Reason in Revolt: Marxist Philosophy and Modern Science

By Joseph, Jonathan | Capital & Class, Autumn 1996 | Go to article overview

Reason in Revolt: Marxist Philosophy and Modern Science


Joseph, Jonathan, Capital & Class


Reason in Revolt: Marxist Philosophy and Modern Science

Wellred Publications, London, 1995. pp.440.

ISBN I 9000 07 00 2 (pbk) 9.95

Reviewed by Jonathan Joseph

Ted Grant and Alan Woods are well known as former leaders of the Militant group. In 1991 a crisis split the organization. Grant, the founding figure, and a number of his supporters were expelled. They went on to form Socialist Appeal. Unfortunately this organisation is stamped with the same kind of dogmatism and inertia that grips Militant. This book is a reflection of such an attitude.

Reason in Revolt is the first part of an ambitious project. Of course, all gurus are required to project themselves as representing the theoretical continuity of 'true' Marxism. Having said this, the book is more serious than most efforts and does contain some interesting material. For those interested in keeping a check on modern scientific developments and theories, it is certainly worth a read.

One of Woods and Grant's arguments is for a theory of the infinity of matter, and against notions like the `big bang'. They also reject reactionary theories, most recently expressed by Richard Dawkins in his book The Selfish Gene, that human behaviour is reducible to genetic make up. Whilst genetic science is important, it clearly should not be used to explain social phenomena. Unfortunately genetic views about homosexuality and criminality have become commonplace. From reactionary genetics it is only a short step to eugenics.

However, the stuff on science whilst well written does no more than take sides with some theories rather than others and has nothing particularly novel to say. It is the philosophical claims that the book makes that real!y need debating.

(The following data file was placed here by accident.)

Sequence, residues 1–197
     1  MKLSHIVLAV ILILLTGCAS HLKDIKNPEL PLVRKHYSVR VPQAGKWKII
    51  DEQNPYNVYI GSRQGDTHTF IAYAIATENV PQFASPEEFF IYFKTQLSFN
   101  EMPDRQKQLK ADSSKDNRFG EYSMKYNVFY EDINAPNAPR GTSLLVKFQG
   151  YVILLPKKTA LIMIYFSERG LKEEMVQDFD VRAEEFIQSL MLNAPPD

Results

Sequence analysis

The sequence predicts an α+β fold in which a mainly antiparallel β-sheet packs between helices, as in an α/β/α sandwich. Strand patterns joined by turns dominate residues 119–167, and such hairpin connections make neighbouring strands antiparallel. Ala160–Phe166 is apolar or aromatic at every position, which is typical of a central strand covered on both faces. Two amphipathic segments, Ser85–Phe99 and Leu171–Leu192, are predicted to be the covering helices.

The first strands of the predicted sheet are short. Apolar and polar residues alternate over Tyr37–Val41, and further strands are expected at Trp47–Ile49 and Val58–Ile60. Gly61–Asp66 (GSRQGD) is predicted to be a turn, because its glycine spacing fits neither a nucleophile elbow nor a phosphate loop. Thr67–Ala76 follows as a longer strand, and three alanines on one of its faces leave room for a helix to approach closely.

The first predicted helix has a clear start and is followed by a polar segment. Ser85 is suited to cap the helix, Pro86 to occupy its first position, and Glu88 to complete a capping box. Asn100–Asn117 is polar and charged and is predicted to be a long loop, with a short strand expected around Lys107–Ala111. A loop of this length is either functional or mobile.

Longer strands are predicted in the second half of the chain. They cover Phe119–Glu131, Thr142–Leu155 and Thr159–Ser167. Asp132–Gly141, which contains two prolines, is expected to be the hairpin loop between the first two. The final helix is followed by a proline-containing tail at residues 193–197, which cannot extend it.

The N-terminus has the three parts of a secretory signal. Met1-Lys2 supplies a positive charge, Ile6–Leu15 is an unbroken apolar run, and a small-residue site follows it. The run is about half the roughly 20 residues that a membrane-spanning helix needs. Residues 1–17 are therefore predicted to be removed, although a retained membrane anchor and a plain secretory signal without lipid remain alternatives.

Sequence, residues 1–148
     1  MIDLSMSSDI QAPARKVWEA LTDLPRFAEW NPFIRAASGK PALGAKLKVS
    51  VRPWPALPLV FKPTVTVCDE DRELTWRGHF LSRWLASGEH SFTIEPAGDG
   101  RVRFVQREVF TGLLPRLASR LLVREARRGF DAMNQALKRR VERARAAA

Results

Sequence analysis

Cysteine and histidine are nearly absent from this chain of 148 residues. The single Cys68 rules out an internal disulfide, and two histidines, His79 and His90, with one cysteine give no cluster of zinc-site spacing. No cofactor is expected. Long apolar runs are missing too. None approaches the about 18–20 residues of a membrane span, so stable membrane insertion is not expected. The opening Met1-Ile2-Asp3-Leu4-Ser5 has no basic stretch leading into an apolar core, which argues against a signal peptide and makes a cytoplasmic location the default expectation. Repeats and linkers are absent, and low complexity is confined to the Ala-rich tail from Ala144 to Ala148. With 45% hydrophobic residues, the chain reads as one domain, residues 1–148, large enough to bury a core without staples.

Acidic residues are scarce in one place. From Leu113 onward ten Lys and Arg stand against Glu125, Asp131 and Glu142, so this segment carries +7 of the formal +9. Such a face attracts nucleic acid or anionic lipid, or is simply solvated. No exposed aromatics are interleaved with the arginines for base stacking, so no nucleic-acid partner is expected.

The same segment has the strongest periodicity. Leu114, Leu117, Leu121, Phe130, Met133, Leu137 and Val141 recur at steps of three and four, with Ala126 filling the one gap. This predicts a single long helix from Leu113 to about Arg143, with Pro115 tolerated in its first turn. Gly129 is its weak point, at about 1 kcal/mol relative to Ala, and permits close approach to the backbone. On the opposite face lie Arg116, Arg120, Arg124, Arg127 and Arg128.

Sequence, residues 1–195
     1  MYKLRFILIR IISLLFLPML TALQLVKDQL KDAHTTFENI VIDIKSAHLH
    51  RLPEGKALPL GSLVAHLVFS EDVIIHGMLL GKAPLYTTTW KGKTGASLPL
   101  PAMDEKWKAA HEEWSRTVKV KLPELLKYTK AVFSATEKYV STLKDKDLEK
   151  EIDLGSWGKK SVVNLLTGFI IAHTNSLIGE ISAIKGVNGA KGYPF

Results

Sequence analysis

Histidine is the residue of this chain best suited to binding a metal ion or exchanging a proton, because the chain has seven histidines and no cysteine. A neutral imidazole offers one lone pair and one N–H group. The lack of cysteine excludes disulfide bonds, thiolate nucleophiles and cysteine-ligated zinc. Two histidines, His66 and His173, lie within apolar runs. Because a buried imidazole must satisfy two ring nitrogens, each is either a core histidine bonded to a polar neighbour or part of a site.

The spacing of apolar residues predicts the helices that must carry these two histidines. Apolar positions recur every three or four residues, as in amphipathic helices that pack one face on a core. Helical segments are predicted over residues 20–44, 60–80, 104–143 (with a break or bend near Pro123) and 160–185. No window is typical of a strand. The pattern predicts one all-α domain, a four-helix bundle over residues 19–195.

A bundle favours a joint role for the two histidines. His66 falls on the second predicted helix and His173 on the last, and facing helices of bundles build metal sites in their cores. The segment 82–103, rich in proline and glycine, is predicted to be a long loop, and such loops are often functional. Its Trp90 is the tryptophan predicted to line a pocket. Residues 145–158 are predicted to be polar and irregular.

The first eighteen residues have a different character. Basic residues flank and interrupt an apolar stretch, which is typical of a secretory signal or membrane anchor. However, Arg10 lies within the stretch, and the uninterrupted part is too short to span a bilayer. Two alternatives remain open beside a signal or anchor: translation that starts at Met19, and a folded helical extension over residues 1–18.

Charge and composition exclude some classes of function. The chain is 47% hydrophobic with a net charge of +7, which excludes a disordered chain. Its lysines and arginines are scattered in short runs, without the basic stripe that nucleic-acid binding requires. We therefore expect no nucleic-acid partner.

For the authors Engels is the be all and end all. His book The Dialectics of Nature, based on a careful study of the most advanced scientific knowledge of the day is said to have 'proved' that the workings of nature are dialectical. Woods and Grant go on to state that the most important discoveries of the 20th century provide a striking confirmation of Engels' thesis.

This is very blase and old fashioned. Whilst Engels' contribution is immense it is also flawed. That Engels' philosophy was influenced by the science of the day is precisely the problem. Scientific theories tempted Engels into making similar philosophical statements. As the science loses its credibility, so too do some of Engels' claims about nature.

Scientific knowledge often progresses by means of ruptures and revolutions which radically challenge previously held theories. Copernicus and Einstein immediately spring to mind. Once one rejects the idea that science has a linear development, it seems obvious that if the science of Engels' day is flawed, then we should take up a critical attitude to Engels' philosophy too. It is no surprise that when the book gets on to scientific theories, Engels and philosophy are hardly mentioned. For science really stands by its own merits.

At stake is what philosophy is really about. Woods and Grant, in keeping with Engels, suggest that philosophy has a universal, privileged status as a `Queen of the sciences'. This is inevitably a speculative illusion. Recent developments in Marxist philosophy have returned philosophy to a more humble status. It is no less important. Indeed, in the face of books like this, it is more important than ever. But its role, as Bhaskar says, is as an 'underlabourer' for the sciences. …

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